Look carefully then how you walk, not as unwise but as wise, making the best use of the time, because the days are evil. …The Lord has given leaders to the church to help equip the saints for ministry, so that together we will grow into mature manhood, to the measure of the fullness of Christ, so that we may no longer be children, tossed to and fro by the waves and carried about by every wind of doctrine, by human cunning, by craftiness in deceitful schemes.

Stand, therefore, having fastened on the belt of truth…

               In him you also, when you heard the word of truth, the gospel of your salvation, believed in him. …I pray that God would give you the Spirit of wisdom and revelation in the knowledge of him, having the eyes of your hearts enlightened. …This grace was given me, to preach the unsearchable riches of Christ.  …May you know the love of Christ that surpasses knowledge. …Then we won’t be deceived, but speaking the truth in love, will grow up into Christ. …You were taught the truth that is in Jesus, so don’t go back to walking like the Gentiles. …Therefore, having put away falsehood, let each one of you speak the truth with his neighbor. …For the fruit of light is found in all that is good and right and true.

…and having put on the breastplate of righteousness…

               We were chosen in Christ before the foundation of the world to be holy and blameless in his sight. …For we are his workmanship, created in Christ Jesus for good works, which God prepared beforehand, that we should walk in them. …I therefore urge you to walk in a manner worthy of the calling you have received. …Put off your old self, which belongs to your former manner of life and is corrupt through deceitful desires…Put on the new self, created after the likeness of God in true righteousness and holiness. …Try to discern what is pleasing to the Lord. …Do the will of God from the heart, rendering service with a good will as to the Lord and not to man.

…and, as shoes for your feet, having put on the readiness given by the gospel of peace.

               For he himself is our peace, who has made us both one and has broken down in his flesh the dividing wall of hostility. …And he came and preached peace to you who were far off and peace to those who were near. …Of this gospel I was made a minister according to the gift of God’s grace which was given me by the working of his power…to preach to the Gentiles the unsearchable riches of Christ. ….Pray also for me, that words may be given to me in opening my mouth boldly to proclaim the mystery of the gospel, for which I am an ambassador in chains, that I may declare it boldly, as I ought to speak.

In all circumstances take up the shield of faith, with which you  an extinguish all the flaming darts of the evil one…

               When you heard the word of truth, the gospel of your salvation, and believed in him, you were sealed with the promised Holy Spirit .…I have heard of your faith in the Lord Jesus!  …For by grace you have been saved through faith. …We have boldness and confident access to the Father in Christ Jesus, through our faith in him.  So I ask you not to lose heart over what I am suffering for you, which is your glory. …May God strengthen you with power through his Spirit in your inner being, so that Christ may dwell in your hearts through faith.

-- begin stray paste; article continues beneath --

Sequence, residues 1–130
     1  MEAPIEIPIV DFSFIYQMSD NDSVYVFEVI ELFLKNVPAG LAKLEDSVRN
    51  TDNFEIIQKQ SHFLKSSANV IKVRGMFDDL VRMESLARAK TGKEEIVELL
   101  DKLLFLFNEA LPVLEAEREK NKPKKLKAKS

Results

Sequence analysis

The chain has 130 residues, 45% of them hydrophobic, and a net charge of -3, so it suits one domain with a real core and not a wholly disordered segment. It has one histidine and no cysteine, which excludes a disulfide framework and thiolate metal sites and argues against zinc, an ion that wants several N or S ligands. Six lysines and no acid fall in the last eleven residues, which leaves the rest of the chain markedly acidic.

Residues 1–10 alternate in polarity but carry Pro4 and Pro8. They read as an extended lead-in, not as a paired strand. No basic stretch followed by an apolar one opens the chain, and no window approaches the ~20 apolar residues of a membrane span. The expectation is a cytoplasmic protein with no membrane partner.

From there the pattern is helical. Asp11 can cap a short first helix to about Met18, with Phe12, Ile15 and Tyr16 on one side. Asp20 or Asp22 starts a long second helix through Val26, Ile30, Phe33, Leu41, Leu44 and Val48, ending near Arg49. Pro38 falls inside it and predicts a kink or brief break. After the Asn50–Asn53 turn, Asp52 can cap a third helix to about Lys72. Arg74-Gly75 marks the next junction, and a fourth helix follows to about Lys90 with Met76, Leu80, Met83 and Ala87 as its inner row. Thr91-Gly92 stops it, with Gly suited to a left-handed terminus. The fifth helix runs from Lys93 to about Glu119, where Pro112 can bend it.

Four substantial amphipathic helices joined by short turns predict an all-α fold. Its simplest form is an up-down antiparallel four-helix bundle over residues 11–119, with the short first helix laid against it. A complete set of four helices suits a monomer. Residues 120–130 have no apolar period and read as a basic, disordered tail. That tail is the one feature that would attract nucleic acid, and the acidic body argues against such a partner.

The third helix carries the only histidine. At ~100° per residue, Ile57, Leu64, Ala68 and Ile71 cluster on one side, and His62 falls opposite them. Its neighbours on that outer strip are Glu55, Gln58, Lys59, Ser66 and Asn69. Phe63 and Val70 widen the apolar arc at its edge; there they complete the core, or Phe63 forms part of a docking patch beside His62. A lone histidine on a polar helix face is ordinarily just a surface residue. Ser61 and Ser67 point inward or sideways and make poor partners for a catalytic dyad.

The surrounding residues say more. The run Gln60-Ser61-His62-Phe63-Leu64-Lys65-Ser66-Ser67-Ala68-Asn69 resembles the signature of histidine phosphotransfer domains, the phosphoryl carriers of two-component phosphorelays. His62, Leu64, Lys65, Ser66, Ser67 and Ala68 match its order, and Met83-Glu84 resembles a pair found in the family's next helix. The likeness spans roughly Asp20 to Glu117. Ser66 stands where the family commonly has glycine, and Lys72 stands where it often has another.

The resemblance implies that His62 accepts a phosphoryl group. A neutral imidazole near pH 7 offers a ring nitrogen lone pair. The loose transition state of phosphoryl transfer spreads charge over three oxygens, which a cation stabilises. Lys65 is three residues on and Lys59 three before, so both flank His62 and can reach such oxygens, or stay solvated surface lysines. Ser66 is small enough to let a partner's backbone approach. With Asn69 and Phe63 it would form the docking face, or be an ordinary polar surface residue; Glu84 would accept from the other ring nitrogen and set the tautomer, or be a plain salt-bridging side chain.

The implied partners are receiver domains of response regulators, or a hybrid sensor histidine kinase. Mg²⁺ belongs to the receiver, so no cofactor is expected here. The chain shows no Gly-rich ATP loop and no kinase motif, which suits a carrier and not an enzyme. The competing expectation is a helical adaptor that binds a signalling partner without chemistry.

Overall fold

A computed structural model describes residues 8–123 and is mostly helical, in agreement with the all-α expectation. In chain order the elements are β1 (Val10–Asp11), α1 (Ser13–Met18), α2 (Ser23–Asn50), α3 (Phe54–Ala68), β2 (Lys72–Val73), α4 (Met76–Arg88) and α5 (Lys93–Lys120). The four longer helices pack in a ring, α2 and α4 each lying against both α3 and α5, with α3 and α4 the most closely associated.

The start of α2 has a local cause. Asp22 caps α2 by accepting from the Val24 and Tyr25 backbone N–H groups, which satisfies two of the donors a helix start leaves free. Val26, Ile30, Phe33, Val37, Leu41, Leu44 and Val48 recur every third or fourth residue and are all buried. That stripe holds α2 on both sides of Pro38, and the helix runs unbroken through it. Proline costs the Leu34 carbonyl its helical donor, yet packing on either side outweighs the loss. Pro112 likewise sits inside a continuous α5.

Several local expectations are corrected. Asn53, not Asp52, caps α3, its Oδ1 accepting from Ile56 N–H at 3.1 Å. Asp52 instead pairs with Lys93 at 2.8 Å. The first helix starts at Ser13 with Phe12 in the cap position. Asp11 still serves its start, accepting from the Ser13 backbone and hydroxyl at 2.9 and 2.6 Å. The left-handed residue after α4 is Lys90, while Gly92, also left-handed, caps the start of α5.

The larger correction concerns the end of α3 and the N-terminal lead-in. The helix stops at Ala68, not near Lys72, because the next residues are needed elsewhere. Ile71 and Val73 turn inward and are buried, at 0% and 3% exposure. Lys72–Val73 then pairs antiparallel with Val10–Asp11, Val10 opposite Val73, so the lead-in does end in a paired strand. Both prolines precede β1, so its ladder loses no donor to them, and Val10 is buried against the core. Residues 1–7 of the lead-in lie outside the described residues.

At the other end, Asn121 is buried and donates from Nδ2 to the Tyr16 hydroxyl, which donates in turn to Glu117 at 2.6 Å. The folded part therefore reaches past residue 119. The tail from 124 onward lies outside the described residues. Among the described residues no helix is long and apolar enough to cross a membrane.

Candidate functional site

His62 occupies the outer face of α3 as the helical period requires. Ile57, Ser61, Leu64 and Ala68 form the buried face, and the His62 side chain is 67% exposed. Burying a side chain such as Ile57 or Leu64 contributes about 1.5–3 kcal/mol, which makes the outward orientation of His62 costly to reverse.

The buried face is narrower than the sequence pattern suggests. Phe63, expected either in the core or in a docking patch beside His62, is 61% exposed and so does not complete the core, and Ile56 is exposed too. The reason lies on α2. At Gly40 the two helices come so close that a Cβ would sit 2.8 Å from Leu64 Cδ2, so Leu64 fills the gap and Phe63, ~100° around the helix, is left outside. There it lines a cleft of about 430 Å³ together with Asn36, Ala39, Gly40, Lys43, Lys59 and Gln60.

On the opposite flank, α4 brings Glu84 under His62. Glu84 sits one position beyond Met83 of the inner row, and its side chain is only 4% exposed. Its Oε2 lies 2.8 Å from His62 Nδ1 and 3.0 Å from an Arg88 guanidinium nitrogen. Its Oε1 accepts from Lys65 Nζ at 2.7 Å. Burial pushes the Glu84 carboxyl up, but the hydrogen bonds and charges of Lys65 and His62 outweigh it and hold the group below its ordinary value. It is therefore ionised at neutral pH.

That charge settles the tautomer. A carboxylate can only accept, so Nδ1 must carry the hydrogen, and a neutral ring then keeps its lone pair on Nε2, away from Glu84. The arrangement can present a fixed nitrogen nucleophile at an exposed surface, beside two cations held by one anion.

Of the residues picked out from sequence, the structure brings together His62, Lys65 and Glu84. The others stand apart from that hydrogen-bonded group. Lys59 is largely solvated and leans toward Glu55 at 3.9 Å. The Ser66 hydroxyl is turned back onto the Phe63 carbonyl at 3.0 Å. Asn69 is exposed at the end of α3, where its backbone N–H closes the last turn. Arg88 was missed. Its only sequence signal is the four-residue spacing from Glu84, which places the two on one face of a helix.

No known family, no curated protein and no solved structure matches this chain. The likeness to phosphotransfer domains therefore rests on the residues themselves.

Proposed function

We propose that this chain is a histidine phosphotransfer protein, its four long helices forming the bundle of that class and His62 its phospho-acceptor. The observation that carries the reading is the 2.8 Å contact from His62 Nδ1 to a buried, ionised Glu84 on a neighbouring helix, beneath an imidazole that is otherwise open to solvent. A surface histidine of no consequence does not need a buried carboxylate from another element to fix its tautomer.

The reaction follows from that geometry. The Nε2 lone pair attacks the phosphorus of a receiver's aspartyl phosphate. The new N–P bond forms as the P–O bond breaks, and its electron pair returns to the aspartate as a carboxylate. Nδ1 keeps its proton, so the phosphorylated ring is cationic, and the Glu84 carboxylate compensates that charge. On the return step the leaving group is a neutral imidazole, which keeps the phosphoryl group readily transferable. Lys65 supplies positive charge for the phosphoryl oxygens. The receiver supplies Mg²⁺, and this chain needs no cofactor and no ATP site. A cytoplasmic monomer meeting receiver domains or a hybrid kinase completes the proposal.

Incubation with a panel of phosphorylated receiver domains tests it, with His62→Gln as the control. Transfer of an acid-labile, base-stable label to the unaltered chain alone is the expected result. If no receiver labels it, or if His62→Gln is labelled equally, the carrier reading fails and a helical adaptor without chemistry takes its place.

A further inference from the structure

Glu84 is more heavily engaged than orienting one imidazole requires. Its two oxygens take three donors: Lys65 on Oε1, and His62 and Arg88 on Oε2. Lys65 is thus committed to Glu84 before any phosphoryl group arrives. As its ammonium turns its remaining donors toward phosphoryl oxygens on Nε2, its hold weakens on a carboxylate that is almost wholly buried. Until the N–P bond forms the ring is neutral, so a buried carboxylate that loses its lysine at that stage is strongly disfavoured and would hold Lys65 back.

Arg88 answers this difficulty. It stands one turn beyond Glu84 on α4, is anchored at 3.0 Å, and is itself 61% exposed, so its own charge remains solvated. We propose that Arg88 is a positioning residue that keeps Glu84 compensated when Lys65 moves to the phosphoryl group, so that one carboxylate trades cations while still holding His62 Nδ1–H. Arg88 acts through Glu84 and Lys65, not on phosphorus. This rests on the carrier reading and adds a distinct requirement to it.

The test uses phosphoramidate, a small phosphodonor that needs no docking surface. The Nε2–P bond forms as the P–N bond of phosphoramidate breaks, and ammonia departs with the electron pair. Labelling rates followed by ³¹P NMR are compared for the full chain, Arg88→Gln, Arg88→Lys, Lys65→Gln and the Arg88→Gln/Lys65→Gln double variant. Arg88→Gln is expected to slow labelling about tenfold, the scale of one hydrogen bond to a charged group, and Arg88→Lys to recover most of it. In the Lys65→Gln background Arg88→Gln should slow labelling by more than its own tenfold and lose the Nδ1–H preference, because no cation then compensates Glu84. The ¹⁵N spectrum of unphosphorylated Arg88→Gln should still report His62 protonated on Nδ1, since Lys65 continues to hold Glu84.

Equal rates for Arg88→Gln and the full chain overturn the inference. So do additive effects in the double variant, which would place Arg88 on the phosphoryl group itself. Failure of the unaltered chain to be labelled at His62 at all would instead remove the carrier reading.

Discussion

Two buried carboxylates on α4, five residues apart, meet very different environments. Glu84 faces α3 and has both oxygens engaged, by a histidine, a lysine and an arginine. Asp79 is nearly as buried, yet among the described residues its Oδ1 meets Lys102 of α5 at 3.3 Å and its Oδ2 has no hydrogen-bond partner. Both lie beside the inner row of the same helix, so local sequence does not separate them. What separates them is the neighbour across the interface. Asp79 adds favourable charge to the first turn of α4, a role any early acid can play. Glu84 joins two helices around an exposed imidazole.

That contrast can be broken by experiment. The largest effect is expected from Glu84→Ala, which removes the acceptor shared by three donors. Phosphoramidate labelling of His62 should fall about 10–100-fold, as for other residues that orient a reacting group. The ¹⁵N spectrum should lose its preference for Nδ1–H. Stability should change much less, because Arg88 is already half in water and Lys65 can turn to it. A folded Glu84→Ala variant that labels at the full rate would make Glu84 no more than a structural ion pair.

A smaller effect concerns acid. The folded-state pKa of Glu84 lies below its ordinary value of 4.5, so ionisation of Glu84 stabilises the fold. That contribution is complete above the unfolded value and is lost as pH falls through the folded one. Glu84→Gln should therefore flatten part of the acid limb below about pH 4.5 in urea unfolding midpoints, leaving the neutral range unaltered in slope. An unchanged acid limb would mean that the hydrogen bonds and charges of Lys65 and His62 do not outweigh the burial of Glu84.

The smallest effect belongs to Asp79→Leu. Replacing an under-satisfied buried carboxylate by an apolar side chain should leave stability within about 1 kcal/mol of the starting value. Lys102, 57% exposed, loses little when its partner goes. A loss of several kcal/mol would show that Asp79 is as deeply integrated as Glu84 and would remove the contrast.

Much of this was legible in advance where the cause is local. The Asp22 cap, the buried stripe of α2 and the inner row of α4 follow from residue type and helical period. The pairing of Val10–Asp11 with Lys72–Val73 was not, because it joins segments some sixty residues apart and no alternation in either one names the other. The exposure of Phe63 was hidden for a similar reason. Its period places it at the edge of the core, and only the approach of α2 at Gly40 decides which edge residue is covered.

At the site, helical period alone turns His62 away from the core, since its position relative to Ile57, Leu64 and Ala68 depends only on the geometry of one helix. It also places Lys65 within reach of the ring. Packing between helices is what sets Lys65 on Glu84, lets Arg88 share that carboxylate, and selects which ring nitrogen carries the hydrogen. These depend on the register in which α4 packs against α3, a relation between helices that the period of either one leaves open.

…and take the helmet of salvation…

               God the Father has blessed us with every spiritual blessing in Christ. …In love he predestined us for adoption as sons, and in Christ we have redemption and forgiveness. …The Spirit was given to us as a seal, promising our inheritance!  …You have been saved by grace, and raised up, and seated with Christ in the heavenly realms.  …You are no longer strangers and aliens, but fellow citizens with the saints, and members of the household of God.

…and the sword of the Spirit, which is the word of God…

[Rather than citing specific verses, here I would point to Paul’s authority as an apostle to deliver God’s thoughts to the believers.  In Ephesians, this is expressed in his frequent assertions of the divine revelation given to him that clarified the profound mysteries of God’s plan for redemption.  Like the “belt of truth” and the “shield of faith,” then, the “sword of the Spirit” mainly comprises the revealed content that Christians are instructed to believe.]

…praying at all times in the Spirit, with all prayer and supplication.

               I do not cease to give thanks for you, remembering you in my prayers…For this reason I bow my knees before the Father…that according to the riches of his glory he may grant you to be strengthened with power…Be filled with the Spirit, singing and making melody to the Lord with all your heart, giving thanks always and for everything to God the Father in the name of our Lord Jesus Christ. …Keep alert with all perseverance, making supplication for all the saints, and also for me.

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Biblical quotations are taken from the ESV, though I have paraphrased some of these verses. This is also a quiz for students of Ephesians: do you recognize where in the letter these ideas are located?  If you don’t know Ephesians that well or you’re too busy to figure it out, here is the cheat sheet.